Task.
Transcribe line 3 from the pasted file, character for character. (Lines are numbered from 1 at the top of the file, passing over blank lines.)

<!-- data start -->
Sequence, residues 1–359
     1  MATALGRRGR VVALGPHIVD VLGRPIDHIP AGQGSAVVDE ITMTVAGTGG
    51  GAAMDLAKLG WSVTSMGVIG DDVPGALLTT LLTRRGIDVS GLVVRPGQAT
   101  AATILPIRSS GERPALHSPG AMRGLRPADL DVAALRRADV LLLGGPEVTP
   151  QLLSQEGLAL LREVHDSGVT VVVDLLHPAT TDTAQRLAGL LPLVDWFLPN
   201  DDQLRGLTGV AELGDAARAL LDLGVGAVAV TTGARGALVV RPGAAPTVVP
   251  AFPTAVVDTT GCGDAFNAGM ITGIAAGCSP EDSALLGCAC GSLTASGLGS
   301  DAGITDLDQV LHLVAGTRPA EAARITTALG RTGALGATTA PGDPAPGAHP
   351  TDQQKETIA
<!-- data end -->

    51  GAAMDLAKLG WSVTSMGVIG DDVPGALLTT LLTRRGIDVS GLVVRPGQAT